BlizzCon 2022 Is Cancelled As Abuse And Discrimination Investigations Continue
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Featured Image Credit: Activision Blizzard
Activision Blizzard has cancelled the upcoming BlizzCon online event amid the ongoing lawsuits it is grappling with, accusing the company of a "frat boy culture" in its offices, unfair labour practices, and its passivity to prevent harassment.
Yep. It’s a lot. In July, the state of California levied a lawsuit against Activision Blizzard for the treatment that women suffered in the company, from lower starting pay and fewer opportunities to unwanted advances and racist harassment. In response, employees staged a walkout and signed an open letter in support of the stories in the lawsuit, asking that their employer “improve conditions for employees at the company, especially women, and in particular women of color and transgender women, non-binary people and other marginalized groups”.
A few months after this, another lawsuit appeared from the Communications Workers of America accusing Activision Blizzard of "using coercive tactics” to discourage organisation to change the company in the interest of the employees. Then, the United States government wanted documents that showed evidence of the aforementioned complaints about harassment in its offices. Like I said, it’s a lot.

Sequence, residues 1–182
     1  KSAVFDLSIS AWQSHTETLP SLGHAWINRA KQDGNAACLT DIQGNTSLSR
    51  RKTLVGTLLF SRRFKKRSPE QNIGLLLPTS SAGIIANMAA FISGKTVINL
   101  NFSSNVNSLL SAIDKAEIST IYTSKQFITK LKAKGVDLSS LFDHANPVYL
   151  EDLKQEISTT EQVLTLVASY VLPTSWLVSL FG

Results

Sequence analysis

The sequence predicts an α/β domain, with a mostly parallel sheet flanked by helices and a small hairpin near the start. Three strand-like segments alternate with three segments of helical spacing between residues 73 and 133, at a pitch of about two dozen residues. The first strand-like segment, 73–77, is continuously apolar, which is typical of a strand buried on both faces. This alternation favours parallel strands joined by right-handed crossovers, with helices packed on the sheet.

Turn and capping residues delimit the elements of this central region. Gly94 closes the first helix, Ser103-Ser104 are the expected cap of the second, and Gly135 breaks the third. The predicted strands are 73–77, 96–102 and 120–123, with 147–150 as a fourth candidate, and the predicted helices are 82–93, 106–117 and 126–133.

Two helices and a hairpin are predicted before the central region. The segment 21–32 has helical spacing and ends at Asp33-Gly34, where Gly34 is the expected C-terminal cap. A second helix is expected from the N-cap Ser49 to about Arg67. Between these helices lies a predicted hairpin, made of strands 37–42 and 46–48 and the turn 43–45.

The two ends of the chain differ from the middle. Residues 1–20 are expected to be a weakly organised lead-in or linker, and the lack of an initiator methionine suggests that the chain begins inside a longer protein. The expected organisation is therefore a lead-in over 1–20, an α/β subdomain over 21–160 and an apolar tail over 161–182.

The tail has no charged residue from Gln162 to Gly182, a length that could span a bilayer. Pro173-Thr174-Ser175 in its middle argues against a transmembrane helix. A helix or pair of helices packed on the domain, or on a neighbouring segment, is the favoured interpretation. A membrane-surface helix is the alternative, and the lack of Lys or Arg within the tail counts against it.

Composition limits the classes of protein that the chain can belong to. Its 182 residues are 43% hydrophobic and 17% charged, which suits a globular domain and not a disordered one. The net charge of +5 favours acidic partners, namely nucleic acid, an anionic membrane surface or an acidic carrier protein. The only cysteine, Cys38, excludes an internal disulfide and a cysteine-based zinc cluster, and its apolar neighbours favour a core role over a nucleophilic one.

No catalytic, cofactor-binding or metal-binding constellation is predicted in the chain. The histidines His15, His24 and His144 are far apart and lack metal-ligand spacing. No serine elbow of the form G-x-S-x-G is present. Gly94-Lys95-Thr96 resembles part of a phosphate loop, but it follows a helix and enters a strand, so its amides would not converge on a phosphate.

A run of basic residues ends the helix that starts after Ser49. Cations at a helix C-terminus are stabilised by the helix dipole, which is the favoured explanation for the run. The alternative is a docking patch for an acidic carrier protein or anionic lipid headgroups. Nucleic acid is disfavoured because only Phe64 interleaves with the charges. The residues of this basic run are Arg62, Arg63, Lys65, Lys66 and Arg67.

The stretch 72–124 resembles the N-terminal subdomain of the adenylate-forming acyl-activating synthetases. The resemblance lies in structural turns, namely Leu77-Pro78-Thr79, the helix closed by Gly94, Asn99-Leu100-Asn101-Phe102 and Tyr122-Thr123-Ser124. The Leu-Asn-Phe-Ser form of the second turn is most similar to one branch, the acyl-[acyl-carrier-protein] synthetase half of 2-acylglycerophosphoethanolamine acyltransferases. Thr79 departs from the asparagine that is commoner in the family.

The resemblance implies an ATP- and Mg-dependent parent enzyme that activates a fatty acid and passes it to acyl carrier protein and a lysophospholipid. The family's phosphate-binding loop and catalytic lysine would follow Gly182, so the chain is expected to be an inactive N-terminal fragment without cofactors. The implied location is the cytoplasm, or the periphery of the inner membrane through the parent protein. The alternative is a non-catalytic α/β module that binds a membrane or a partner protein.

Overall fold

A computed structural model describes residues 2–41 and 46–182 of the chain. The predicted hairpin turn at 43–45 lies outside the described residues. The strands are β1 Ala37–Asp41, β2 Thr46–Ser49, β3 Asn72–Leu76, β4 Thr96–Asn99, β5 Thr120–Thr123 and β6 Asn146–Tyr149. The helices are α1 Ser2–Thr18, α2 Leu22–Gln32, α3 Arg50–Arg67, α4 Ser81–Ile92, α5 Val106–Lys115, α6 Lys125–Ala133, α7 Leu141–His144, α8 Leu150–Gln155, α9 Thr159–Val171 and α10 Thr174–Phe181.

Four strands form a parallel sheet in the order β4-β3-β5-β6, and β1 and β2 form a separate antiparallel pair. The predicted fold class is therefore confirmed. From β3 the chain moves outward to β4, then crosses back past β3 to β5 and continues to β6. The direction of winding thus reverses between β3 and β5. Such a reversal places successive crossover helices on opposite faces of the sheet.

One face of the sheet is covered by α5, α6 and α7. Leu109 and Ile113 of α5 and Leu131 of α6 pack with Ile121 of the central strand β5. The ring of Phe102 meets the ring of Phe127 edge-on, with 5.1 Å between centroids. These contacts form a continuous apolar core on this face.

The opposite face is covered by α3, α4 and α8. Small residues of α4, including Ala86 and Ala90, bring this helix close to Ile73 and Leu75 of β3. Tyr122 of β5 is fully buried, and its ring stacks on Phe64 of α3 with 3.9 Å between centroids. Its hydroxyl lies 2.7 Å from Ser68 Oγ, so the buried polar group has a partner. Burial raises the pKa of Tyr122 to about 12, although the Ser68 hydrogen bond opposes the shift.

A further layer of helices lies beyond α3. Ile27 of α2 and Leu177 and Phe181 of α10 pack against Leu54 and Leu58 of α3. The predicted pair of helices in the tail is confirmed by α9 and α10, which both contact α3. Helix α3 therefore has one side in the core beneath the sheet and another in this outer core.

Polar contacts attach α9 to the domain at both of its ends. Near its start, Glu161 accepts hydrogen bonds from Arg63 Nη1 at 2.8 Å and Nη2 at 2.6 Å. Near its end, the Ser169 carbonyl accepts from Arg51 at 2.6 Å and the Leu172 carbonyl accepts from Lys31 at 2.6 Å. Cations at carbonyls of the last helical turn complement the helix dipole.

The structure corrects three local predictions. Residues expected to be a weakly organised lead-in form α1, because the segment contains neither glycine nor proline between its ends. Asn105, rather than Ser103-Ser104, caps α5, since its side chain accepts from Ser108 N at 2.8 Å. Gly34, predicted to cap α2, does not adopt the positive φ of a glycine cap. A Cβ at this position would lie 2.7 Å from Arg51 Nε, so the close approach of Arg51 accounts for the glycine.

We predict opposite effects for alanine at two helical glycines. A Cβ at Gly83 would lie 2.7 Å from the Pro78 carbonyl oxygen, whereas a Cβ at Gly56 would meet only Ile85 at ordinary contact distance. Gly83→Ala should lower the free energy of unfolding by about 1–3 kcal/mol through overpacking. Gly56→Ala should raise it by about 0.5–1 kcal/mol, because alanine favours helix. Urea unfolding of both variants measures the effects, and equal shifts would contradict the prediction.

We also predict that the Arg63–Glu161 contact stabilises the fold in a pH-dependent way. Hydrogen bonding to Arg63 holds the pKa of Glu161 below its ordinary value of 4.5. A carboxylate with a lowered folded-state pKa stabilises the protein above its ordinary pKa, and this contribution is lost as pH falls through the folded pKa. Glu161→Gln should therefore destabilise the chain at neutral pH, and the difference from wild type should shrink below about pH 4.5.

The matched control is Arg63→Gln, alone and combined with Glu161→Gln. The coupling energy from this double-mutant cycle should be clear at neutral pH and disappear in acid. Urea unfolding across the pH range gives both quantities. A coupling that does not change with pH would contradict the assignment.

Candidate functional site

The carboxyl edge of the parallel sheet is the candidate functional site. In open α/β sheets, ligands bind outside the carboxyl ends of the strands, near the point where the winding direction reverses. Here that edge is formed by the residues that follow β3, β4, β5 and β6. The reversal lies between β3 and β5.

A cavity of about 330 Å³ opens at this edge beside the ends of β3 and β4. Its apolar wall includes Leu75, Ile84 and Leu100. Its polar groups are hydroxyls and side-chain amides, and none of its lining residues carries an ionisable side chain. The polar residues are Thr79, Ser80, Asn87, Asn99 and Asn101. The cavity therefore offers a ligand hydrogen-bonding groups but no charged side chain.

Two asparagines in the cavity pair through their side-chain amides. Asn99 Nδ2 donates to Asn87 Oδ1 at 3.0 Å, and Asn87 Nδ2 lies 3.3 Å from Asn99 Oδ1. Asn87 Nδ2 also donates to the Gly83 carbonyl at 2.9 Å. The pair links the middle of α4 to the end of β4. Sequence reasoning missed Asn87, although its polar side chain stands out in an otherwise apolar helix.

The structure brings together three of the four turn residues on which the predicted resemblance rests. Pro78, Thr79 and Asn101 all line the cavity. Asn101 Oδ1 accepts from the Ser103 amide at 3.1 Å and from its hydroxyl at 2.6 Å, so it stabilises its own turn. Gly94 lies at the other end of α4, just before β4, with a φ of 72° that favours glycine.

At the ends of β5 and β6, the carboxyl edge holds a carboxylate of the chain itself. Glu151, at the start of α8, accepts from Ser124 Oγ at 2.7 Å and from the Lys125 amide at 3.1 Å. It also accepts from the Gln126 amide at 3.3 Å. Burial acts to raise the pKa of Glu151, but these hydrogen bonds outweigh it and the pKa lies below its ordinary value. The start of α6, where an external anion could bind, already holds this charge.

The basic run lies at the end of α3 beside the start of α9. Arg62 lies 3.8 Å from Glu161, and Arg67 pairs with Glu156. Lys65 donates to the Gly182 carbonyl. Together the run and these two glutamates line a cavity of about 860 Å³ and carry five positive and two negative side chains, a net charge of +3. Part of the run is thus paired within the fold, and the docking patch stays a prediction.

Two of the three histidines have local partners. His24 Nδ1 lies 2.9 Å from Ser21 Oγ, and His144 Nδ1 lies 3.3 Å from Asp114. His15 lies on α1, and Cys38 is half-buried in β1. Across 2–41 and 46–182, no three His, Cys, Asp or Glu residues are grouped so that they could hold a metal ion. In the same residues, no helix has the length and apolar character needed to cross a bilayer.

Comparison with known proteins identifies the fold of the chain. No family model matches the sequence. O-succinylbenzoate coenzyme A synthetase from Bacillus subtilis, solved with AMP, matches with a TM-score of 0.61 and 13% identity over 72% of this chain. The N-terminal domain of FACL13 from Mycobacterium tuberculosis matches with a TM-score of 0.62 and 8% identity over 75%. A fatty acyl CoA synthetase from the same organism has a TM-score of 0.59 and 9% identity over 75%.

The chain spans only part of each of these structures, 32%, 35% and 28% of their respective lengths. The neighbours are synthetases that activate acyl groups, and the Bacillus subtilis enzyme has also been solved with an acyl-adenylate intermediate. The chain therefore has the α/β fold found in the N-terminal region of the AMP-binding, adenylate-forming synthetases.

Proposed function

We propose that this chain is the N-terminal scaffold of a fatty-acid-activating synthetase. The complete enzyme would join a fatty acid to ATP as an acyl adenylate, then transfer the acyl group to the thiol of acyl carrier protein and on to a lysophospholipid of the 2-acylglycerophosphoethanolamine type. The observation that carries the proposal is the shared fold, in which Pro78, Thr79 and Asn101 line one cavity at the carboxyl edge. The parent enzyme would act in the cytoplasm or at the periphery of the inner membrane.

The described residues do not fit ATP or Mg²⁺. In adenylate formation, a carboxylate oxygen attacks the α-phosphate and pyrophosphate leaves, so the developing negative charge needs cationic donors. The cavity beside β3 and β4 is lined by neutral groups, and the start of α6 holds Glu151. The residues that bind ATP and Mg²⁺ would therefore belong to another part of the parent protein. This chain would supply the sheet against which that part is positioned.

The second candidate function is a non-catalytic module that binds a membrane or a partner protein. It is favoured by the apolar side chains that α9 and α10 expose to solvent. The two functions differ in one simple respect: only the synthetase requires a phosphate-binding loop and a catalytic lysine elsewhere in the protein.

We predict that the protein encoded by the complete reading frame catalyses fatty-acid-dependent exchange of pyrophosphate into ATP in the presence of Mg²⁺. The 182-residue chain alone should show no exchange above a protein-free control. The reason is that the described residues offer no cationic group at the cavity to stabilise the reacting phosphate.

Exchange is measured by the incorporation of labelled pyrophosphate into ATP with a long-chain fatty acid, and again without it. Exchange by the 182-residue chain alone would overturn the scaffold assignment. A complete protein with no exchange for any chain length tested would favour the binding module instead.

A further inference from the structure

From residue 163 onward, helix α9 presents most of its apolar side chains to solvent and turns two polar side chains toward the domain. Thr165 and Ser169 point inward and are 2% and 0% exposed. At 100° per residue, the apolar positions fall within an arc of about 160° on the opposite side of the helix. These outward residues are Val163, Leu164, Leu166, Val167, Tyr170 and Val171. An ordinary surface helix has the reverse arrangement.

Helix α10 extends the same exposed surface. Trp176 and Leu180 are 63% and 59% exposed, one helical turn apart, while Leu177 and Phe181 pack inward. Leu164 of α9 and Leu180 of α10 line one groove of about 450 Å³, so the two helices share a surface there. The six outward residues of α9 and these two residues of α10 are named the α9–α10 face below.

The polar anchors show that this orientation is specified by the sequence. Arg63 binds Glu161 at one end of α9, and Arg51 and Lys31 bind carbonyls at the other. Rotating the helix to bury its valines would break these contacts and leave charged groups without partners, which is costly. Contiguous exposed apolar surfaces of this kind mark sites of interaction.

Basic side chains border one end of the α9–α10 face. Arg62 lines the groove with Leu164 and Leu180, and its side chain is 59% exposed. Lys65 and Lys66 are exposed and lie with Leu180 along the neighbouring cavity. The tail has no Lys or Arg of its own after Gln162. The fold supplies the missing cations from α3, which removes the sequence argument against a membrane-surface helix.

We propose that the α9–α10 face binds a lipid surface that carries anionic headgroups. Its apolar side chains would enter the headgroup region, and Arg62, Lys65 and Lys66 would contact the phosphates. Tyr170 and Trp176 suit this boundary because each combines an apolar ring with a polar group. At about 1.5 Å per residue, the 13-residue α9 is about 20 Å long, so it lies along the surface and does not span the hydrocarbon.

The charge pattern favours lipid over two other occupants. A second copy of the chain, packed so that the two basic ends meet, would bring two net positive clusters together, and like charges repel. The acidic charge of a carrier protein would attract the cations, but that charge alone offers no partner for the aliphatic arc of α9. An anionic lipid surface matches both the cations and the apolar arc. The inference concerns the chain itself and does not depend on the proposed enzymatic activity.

In a post titled “Reimagining BlizzCon,” the company does not specifically say that the choice to cancel the event was the result of the investigations into its alleged problematic workplaces. “At this time, we feel the energy it would take to put on a show like this is best directed towards supporting our teams and progressing development of our games and experiences,” explained Activision Blizzard.
The stories told in the lawsuit claim that the event was the location of the “Cosby Suite,” which was a nickname for the hotel room where World of Warcraft developer Alex Afrasiabi stayed during BlizzCon 2013. “During a company event (an annual convention called Blizz Con [sic]) Afrasiabi would hit on female employees, telling him [sic] he wanted to marry them, attempting to kiss them, and putting his arms around them,” stated one account in the suit. “This was in plain view of other male employees, including supervisors, who had to intervene and pull him off female employees.”
Based on photos and comments from Afrasiabi’s Facebook profile, it also was a place where he and other male employees would pose with a portrait of Bill Cosby and invite women to hang out with them in the room. Jesse McCree, formerly a lead designer at the company, was also seen in these photos and the developer has now changed the hero in Overwatch with the same name.
“We would also like to take the time to reimagine what a BlizzCon event of the future could look like,” continued the post. “The first BlizzCon was held 16 years ago, and so much has changed in the time since—most notably, the multiple ways in which players and communities can come together and feel like they are a part of something bigger. Whatever the event looks like in the future, we also need to ensure that it feels as safe, welcoming, and inclusive as possible.”